What I learned from 8 weeks of medical leave

I am by nature a “get things done” kind of person and if I don’t watch out it breaks me. There is a balance I need to find between getting things done and pushing through pain till it’s a problem.

I can annoy people by asking them to do things I need done, and can be annoyed by people when they ignore my pleas and trigger my feelings of helplessness. Trying to figure out when and how to ask, when each person has a different communication preference/requirement, can feel like an impossible puzzle for someone like me, who doesn’t understand how a person could be standing right next to rotting food that has been sitting out for three days, complain about the smell, yet not make the connection that maybe they are the one who has the power to do something about it.

High deductible health care plans are a dumb choice for most people.

Just because I have a to-do list, doesn’t mean I have to complete it.

Given a choice between watching some sort of movie/TV/video vs reading a book I choose the book, 98% of the time.

The oven’s memoir

This year’s Christmas letter is written from the point of view of our new-ish GE profile gas oven and range.

I slid out of that cardboard box and was rolled into place in a crappy dacky kitchen, between an ancient fridge and a dishwasher that was on its last legs. The dishwasher barfed its last soon after my arrival, leaving a wet floor. The silly two-leggeds thought they could just buy a new dishwasher and slide it into place but soon realized the floor was totally warped and unlevel. This led to the discovery of stained flooring that extended in front of me, far and wide. The new boi dishwasher was put back in his box and hauled away to the laundry room. Thus began the summer of chaos.

After tearing up some of the flooring, the two-leggeds found a stinky cheese mold. A lab assessed the 1975 linoleum tile to contain asbestos. So day by day I watched the cabinets get torn out, the flooring, even the kitchen sink! The skanky old fridge was rolled into the living room. Soon, I was left by myself on an ugly linoleum floor. The asbestos abatement crew arrived one day, sealed up the room, and tore out the linoleum and hauled away a bunch of garbage. A couple of days later they painted the floor white. Then the ceiling got painted white, and the walls. So much activity around me! Even the skinniest of the two-leggeds got involved, using the power drill, painting, sealing up the wall. Heard them say it was “kitchen remodel summer camp.”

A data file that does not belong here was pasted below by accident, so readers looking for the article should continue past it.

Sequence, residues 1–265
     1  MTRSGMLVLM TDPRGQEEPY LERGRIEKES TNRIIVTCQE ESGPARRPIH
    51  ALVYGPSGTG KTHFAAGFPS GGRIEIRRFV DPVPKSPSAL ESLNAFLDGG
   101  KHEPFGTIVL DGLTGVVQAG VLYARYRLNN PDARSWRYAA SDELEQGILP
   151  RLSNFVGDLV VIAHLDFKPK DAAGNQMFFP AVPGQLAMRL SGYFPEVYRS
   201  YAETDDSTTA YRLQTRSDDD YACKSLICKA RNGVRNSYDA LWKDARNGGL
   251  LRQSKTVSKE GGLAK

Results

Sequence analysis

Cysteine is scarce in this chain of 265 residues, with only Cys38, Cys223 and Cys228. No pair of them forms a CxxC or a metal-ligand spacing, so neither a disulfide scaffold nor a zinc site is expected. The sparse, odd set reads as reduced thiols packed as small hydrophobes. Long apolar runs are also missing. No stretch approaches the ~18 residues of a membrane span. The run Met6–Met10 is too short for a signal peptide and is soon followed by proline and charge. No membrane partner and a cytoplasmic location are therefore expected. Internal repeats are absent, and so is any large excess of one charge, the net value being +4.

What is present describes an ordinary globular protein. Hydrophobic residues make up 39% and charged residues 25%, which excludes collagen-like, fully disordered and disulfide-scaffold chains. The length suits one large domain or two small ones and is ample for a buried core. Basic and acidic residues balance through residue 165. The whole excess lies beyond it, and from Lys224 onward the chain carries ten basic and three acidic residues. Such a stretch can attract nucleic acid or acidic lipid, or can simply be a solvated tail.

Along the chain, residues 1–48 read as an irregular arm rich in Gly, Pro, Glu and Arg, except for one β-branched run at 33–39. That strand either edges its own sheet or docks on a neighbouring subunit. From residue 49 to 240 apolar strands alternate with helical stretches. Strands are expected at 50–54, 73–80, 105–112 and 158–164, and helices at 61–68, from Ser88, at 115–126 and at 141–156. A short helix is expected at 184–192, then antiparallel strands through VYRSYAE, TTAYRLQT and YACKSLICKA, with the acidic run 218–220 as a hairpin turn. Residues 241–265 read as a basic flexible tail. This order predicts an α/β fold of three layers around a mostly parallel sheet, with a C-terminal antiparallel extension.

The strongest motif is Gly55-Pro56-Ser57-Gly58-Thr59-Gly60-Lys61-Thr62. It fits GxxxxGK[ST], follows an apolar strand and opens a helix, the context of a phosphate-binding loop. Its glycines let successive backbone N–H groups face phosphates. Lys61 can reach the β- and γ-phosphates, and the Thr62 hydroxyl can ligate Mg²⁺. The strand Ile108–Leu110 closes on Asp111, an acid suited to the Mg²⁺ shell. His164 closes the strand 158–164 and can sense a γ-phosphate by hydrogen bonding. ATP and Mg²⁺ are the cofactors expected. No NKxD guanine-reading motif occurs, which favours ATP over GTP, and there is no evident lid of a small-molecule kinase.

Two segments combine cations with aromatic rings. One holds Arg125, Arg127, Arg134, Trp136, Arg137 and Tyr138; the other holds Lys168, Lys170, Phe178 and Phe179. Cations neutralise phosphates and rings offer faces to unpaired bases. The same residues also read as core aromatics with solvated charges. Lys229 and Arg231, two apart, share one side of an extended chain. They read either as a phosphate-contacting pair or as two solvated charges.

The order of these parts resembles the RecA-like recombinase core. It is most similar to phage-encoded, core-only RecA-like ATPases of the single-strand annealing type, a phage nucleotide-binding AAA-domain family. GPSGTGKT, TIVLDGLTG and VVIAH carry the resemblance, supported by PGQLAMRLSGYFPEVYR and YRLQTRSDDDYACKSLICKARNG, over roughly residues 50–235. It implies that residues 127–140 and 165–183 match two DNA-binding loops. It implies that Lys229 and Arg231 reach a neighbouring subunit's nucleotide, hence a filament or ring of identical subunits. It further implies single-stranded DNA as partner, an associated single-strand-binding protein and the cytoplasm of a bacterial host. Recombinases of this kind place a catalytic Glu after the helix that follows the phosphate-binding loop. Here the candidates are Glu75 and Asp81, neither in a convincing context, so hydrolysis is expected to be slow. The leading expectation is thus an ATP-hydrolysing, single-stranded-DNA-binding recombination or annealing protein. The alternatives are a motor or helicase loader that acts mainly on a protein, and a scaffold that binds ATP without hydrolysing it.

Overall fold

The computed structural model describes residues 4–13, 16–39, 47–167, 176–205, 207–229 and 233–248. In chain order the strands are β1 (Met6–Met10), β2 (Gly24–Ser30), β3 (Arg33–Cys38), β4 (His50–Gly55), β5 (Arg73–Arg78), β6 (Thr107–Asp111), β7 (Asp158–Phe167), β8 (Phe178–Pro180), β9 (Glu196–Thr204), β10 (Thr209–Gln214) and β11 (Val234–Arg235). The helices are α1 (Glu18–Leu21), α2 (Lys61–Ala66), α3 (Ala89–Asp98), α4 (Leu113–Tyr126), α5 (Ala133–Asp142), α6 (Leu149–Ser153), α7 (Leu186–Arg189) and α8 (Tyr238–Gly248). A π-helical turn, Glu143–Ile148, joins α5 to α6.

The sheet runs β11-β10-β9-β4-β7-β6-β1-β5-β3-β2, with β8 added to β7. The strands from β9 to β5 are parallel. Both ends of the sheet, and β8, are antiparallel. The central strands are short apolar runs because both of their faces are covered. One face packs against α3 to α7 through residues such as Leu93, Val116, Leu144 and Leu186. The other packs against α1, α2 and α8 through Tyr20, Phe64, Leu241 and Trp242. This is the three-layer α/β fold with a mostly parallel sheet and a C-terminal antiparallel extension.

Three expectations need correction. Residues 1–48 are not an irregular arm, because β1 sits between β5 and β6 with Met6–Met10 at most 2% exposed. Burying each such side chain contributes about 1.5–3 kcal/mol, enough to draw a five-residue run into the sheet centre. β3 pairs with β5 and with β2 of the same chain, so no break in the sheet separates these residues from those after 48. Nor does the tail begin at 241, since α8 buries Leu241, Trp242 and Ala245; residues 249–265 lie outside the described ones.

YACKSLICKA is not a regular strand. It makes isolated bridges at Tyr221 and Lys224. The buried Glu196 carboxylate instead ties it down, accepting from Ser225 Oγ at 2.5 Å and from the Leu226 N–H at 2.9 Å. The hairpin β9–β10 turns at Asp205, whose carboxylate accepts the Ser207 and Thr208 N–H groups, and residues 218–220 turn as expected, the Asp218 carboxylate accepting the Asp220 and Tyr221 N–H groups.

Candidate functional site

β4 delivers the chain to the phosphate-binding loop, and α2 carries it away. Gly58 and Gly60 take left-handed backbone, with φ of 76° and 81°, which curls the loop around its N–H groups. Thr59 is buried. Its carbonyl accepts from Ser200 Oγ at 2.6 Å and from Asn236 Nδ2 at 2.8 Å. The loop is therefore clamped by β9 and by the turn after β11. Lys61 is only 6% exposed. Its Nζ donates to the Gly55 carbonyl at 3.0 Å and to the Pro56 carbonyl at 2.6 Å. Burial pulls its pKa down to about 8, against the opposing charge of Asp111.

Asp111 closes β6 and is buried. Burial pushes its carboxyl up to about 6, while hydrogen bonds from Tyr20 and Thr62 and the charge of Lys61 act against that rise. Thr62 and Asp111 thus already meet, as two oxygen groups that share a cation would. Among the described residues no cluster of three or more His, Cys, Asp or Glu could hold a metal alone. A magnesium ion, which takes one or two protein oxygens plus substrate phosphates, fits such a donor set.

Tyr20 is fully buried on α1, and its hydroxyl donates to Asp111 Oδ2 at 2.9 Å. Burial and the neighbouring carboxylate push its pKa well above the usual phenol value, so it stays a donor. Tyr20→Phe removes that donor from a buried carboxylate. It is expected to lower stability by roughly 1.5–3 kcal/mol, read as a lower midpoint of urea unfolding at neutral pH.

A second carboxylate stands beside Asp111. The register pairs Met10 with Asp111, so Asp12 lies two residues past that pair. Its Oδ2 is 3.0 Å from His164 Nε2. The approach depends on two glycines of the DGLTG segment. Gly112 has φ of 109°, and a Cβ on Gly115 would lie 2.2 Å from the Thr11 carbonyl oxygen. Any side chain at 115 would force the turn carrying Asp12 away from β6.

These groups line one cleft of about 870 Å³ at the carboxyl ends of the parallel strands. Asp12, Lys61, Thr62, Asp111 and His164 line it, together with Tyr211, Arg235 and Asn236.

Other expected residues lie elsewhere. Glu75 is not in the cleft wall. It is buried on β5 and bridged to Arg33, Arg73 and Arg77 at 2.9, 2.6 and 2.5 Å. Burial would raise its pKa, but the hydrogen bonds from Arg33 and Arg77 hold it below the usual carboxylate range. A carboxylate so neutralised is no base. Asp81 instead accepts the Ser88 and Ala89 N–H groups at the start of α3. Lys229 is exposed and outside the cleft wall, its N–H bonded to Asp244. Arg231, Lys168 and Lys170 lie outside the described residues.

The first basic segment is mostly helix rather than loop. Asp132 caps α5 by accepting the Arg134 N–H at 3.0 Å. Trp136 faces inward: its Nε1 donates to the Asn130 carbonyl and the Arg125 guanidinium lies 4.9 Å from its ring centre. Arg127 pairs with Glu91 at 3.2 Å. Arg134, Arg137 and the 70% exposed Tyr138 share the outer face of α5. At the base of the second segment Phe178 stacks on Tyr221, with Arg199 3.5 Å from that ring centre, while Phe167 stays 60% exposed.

One day the kitchen was filled with boxes. There were so many boxes you could hardly move, even if you had legs. Two days later a man came and spent the entire day assembling cabinetry around me. I began to feel a crescent moon of hope. Next a new floor was put in place. Then the countertop arrived. Dishwasher came out of hiding and got installed along with a new sink. Then a new refrigerator showed up, intimidating me with its largesse. I thought we were done with all this nonsense, but a month later the counter was replaced with a different one. The two-leggeds now spend time looking at tiles for the backsplash.  I am already feeling pretty good as the royal centerpiece, the history keeper of this brand-new kitchen.